Pettit actually redescribes the notion of positive liberty that Berlin rejects in negative terms. Yes, Pettit suggests, freedom is a negative ideal; but instead of freedom from interference, it should be understood as freedom from domination. This allows Pettit to maintain the classical (positive liberty) republican idea of freedom as self-determination, without abandoning us tout court to the general will (which, after all, as Berlin clearly saw, can easily be co-opted).

According to Pettit’s notion of freedom as non-domination, then, I can tolerate interference as long as I’m not being dominated, or subjected to another’s will. Non-domination thus marks the limit of acceptable interference. Advocates of negative liberty also have to admit that a certain amount of interference is necessary — just enough to prevent me from interfering with others, so that the limits of my freedom can be found where my freedom limits the freedom of others. Of course, to an advocate of negative liberty, necessary interference is a necessary evil. A neo-republican, on the other hand, can tolerate quite a bit of interference, as long as it doesn’t rise to the level of domination.

In short, I have to have a say in the laws to which I am subject, such that the imposition of those laws does not dominate me. This doesn’t mean I have carte blanche to reject or disobey laws with which I don’t agree. If I am a member of a constitutional republic (which, as a US citizen, thankfully, I am), some decisions will go against me (alas). But Donald Trump is still my president, even if I voted for a different candidate. The results of that election don’t amount to domination, because I don’t feel I’ve been disenfranchised. Likewise, I pay taxes, both because it’s the law and because I feel I should, even though I don’t like it — again, no domination.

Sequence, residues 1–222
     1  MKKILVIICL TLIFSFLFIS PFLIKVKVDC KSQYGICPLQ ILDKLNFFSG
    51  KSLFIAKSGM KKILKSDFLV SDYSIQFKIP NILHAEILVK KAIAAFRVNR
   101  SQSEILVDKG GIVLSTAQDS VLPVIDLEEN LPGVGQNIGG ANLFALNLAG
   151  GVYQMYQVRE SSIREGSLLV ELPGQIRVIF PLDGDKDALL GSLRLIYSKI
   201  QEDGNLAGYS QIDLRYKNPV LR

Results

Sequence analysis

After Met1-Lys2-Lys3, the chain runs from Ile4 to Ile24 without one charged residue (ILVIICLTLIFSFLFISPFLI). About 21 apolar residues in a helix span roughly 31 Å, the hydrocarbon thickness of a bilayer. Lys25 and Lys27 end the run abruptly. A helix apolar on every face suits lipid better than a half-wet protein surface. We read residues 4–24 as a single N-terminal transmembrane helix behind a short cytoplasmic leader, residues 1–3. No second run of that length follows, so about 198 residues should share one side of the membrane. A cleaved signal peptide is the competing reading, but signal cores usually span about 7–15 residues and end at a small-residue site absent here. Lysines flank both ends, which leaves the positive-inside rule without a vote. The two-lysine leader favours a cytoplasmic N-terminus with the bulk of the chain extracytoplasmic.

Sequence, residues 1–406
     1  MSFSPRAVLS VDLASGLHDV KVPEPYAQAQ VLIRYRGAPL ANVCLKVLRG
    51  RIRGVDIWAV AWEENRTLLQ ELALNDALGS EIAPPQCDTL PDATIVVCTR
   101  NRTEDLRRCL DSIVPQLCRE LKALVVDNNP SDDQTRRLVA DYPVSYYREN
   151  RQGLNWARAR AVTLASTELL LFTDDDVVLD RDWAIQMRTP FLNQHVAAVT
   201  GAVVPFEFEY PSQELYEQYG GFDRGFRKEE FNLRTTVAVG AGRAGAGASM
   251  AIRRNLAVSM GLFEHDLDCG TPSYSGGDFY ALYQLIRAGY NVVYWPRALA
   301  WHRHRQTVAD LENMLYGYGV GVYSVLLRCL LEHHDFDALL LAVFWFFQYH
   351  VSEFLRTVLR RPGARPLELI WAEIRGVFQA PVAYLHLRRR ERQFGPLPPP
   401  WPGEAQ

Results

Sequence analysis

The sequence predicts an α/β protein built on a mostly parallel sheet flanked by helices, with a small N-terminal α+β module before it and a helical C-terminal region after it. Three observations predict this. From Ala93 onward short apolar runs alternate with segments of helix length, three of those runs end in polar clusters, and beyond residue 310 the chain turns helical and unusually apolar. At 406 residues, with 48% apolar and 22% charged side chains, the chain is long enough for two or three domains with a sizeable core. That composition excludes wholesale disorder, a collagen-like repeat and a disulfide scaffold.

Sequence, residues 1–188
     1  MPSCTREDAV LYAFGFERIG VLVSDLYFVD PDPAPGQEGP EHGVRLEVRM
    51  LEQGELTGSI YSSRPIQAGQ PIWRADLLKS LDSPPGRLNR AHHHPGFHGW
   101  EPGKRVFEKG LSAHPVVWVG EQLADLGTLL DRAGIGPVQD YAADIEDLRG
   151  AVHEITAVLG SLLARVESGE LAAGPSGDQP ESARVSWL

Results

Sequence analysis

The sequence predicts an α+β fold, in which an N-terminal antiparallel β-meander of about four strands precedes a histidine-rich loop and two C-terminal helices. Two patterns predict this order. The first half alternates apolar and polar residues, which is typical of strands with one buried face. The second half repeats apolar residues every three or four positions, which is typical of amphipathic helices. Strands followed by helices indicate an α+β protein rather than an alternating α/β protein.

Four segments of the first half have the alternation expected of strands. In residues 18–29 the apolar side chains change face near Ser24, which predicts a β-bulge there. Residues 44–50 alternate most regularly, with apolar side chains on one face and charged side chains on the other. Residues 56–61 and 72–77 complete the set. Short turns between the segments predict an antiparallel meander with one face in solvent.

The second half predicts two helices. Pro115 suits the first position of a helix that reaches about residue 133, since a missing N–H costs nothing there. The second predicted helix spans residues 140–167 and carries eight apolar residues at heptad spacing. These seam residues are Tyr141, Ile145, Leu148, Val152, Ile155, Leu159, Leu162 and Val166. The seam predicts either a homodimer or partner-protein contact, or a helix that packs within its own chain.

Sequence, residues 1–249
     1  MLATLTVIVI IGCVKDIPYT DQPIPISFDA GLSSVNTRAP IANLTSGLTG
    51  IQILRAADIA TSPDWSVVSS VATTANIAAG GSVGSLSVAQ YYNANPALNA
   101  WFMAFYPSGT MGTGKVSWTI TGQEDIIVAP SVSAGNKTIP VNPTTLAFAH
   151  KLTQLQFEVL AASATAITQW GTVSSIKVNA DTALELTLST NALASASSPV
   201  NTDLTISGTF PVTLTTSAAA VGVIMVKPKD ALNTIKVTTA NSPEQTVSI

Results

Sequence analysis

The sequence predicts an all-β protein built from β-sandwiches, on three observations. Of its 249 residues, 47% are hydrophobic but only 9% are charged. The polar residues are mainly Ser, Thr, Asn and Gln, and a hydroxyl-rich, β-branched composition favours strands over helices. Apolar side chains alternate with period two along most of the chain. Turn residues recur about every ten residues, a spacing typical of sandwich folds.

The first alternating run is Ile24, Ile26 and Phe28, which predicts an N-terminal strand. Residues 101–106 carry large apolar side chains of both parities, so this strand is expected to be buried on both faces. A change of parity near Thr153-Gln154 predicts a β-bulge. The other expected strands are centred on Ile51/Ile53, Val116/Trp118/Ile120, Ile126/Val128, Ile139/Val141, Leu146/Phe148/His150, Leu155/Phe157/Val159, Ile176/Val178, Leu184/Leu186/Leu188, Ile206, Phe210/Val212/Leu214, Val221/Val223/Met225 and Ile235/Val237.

I accept the result of decisions or policies and follow laws, even those that go against my own wishes, just insofar as I don’t feel dominated. As long as I am not dominated, I tolerate the interference. This leaves open the possibility that one could justifiably reject decisions under which one did feel dominated (if I felt my vote weren’t counted, if I were part of a group that had been systematically disenfranchised, if government failed to provide equal protection under the law, if people in government were not subject to and didn’t follow the law, and so on). But votes and policies that go against my wishes without dominating me are simply what Pettit terms ‘tough luck’.